James Earl "Jim" Rutherford - Born February 17, 1949 in Beeton, Ontario is a Canadian former professional ice Hockey goaltender, president and currently general manager of the Pittsburgh Penguins.
Rutherford started his junior Hockey career with the Aurora Tigers, playing in both OHA Jr-C & Jr-B with them. He then played with the OHA Hamilton Red Wings from 1968 to 1969, and joined the Montreal Jr. Canadiens for their Memorial Cup run in the spring of 1969. Rutherford played in 6 games, winning all 6, as the Jr. Canadiens won the 1969 Memorial Cup championship.
The Detroit Red Wings as their first choice (10th overall) in the 1969 NHL Entry Draft then selected him. But Rutherford's playing in net with the Red Wings was limited. He played a season and a half for the Fort Worth Wings, their minor-league affiliate in the CHL, and in the 1970-71 season, appeared in 29 games for the Red Wings.
The Pittsburgh Penguins then claimed him in the 1971 NHL Intra-League Draft. As a Penguin, Rutherford played parts of three seasons before being sent back to Detroit with Jack Lynch in exchange for Ron Stackhouse. In his second term as a Red Wings goalie, and over the next 7 seasons, Rutherford would split duties with some of the greatest goalies of that era - Eddie Giacomin, Ron Low, and Rogie Vacho.
Rutherford also represented Team Canada at the World Ice Hockey Championships in 1977 and 1979.
At the start of the 1980-81 season, the Red Wings acquired Giles Gilbert who finally took command of the Red Wings' goal crease. As such, Rutherford was traded to the Toronto Maple Leafs on December 4, 1980 for Mark Kirto where he played just 18 games before once again being traded, this time to the Los Angeles Kings for Los Angeles' 5th round pick (Barry Brigley) in the 1981 NHL Draft. Rutherford played in only 8 games for the Kings over the next season, but did play 31 games for the AHL New Haven Nighthawks in 1981-82 season.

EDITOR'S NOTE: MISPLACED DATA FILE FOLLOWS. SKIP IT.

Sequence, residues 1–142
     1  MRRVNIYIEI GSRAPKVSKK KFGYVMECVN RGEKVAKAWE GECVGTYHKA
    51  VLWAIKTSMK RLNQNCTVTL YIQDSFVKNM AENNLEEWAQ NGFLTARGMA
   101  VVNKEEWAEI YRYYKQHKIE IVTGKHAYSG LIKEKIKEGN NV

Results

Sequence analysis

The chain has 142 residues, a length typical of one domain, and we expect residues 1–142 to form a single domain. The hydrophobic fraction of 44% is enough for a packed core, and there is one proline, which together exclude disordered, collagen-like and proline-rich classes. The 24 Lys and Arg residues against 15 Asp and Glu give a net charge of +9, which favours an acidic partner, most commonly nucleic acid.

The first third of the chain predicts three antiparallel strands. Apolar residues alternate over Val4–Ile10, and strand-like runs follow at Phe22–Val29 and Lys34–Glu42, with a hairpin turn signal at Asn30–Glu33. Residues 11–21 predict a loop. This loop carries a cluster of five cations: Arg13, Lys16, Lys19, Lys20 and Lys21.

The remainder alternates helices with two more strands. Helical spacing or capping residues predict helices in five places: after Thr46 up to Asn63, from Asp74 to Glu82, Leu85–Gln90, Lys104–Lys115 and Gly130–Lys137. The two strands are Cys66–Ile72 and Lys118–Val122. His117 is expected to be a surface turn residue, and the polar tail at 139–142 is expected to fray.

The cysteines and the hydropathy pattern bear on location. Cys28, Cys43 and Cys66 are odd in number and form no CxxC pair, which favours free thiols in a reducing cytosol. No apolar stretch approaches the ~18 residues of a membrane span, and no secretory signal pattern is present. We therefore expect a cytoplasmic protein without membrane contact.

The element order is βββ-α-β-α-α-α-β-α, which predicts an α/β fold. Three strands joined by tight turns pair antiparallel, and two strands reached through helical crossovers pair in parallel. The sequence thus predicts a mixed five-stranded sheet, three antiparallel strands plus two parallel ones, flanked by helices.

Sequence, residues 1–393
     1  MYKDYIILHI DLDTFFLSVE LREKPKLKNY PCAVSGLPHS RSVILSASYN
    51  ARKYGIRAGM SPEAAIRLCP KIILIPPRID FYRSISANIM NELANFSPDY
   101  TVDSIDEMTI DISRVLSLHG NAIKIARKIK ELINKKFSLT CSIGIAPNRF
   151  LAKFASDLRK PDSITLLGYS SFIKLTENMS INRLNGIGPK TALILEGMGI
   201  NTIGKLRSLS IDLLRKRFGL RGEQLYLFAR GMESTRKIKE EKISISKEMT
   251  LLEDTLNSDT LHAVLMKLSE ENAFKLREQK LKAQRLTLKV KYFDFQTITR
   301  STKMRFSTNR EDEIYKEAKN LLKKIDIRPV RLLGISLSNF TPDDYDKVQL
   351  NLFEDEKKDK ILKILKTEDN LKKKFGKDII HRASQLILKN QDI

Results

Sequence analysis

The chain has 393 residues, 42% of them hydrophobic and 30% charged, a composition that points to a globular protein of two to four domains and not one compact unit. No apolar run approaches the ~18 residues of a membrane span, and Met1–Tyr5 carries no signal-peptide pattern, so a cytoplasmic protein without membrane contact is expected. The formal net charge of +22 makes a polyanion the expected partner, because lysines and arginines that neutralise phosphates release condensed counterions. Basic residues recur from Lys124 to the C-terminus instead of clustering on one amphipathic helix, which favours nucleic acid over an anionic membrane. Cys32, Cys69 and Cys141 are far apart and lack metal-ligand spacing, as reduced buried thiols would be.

Rutherford was signed as a free agent by Detroit, September 13, 1982, his 3rd time with the Detroit organization, playing in 1 game before being sent to their minor-league affiliate AHL Adirondack Red Wings, where he finished his playing career.
After retiring, Rutherford coached and managed the Windsor Spitfires of the OHL from 1984 to 1988, the Detroit Compuware Ambassadors from 1990 to 1992 and was the President / GM of the Detroit Jr. Red Wings from 1992 to 1994.
In 1994, Rutherford joined the Hartford Whalers as a minority owner and served as President / GM for the Hartford Whalers/Carolina Hurricanes and won three division titles, also winning his 1st Stanley Cup as GM with the Hurricanes in 2006, who also went to the Cup Final in 2002.
Rutherford joined the Pittsburgh Penguins club as General Manager in June, 2014 and was also named Executive Vice-President of Hockey Operations in 2015. Rutherford started to make changes right away with the Penguins, some of which were controversial, but silenced his critics by winning back to back Stanley Cup championships in 2016 & 2017. Rutherford is still with the Penguins.
On June 23, 2016, Jim Rutherford won the 2015-16 NHL General Manager of the Year Award.
Besides winning a Memorial Cup and 3 Stanley Cups, Rutherford was one of the pioneers (Gerry Cheevers too) of the popular trend of Hockey goalies decorating their masks. When Rutherford was traded from Pittsburgh back to Detroit during the 1973-74 season, he wasn’t happy about the move and instructed his mask maker Greg Harrison to paint his blue mask white, with no other designs.
“Our first game was in Toronto,” Rutherford recalled in 2016. “I met Detroit in Toronto. It was Hockey Night in Canada, on Saturday night. I told my mask maker to meet me at the airport and paint my blue mask white. I said, ‘Don’t be painting it red. Just paint it white.’
“He came in the next day for the morning skate. It was in a box. He pulled it out. Had the Red Wings painted over the eyes. I was really ticked. We won the game that night, 4-2. The game was broadcast across Canada. They talked about the mask. They loved the mask, and the rest is history.”